The district court applied intermediate scrutiny and found in favor of the plaintiffs, holding that the State's interest in a 10-day cooling off period did not justify denying the receipt of a firearm to purchasers belonging to these three classes where their applications were processed faster than ten days. The State appealed.

The panel's decision and reasoning stemmed from the Supreme Court's decision in District of Columbia v. Heller, 554 U.S. 570 (2008). In Heller, the District of Columbia banned all handguns and operable hunting rifles in the home. This case laid out the analysis required in a Second Amendment challenge. First, there must be a determination of whether the regulation is within the scope of the Second Amendment right. Next, the regulation must survive the appropriate level of scrutiny. However, the question as to what level of scrutiny should be applied was left unanswered, as the regulation in Heller would not have passed any level of scrutiny because it placed too heavy of a burden on the right to self-defense. The only determination made regarding the level of scrutiny was the express rejection of the rational basis standard of review.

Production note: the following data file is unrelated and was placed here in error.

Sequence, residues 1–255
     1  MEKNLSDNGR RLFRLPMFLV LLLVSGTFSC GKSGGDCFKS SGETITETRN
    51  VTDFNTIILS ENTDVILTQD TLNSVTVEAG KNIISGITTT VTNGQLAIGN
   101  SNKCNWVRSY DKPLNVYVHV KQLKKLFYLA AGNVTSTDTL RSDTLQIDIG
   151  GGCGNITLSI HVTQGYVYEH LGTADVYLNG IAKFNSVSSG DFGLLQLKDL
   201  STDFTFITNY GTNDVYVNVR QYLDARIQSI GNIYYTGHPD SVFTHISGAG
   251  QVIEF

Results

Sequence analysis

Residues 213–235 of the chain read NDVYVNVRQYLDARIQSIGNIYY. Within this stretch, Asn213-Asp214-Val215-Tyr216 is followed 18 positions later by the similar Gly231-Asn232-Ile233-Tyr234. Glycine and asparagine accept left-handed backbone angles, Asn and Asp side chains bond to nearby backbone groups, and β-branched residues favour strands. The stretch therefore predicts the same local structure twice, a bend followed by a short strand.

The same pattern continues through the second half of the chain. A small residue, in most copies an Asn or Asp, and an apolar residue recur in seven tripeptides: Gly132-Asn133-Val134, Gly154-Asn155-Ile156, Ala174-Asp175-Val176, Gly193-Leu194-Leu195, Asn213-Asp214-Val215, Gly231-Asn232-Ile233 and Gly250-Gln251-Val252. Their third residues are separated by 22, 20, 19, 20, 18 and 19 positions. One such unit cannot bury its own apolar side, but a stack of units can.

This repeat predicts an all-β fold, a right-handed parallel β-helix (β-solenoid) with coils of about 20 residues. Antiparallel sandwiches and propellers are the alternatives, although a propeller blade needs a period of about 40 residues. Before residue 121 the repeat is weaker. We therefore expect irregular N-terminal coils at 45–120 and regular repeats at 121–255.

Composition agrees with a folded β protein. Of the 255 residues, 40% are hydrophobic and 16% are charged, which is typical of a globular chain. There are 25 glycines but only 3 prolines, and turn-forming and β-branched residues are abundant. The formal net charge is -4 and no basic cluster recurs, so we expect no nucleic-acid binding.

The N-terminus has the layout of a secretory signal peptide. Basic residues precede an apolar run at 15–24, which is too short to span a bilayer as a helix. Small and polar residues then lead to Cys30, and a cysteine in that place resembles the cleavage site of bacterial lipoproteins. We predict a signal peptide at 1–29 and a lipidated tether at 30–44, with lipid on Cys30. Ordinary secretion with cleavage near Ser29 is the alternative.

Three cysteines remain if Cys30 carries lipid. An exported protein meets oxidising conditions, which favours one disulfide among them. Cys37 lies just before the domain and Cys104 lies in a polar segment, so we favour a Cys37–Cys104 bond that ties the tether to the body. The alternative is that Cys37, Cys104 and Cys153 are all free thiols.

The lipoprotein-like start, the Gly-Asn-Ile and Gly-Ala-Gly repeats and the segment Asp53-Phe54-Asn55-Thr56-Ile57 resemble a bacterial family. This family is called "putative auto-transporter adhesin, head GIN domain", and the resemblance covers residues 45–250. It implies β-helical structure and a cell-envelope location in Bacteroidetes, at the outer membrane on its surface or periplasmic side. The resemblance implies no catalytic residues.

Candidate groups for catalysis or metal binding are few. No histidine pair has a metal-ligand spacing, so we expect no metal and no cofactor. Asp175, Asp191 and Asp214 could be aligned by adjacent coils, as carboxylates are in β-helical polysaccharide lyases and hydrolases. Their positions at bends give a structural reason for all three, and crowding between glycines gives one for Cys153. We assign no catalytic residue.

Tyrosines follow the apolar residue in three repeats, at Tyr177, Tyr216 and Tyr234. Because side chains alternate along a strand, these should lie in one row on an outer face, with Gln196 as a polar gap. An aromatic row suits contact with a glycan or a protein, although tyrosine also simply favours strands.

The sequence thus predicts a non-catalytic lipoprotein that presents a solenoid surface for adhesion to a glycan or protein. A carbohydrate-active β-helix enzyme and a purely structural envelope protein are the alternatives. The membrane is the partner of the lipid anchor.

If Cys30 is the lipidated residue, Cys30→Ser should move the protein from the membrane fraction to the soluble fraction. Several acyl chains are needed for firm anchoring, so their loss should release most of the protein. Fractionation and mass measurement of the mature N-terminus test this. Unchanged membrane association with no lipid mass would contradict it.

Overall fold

The Supreme Court's decision to leave the standard of review open to either strict scrutiny or intermediate scrutiny led the panel to examine Ninth Circuit law that has developed since the decision in Heller. The two-step test of Heller has been consistently used with the second step requiring a determination of the level of scrutiny applicable. In Jackson v. City & County of San Francisco, the Ninth Circuit stated that a determination of the level of scrutiny requires consideration of: "(1) how close the challenged law comes to the core of the Second Amendment right, and (2) the severity of the law's burden on that right." 746 F. 3d at 960-61 (9th Cir. 2014). This established three types of categories in which a law may fall: (1) the law will be unconstitutional on any level of review; (2) met with strict scrutiny; or, (3) met with intermediate scrutiny depending upon the severity of the burden it imposes upon the Second Amendment right. A law falls into the first category will be unconstitutional under any level of review. A regulation falls within the second category where it places a substantial burden on Second Amendment rights. If the regulation falls in some other category, then it shall be met with intermediate scrutiny.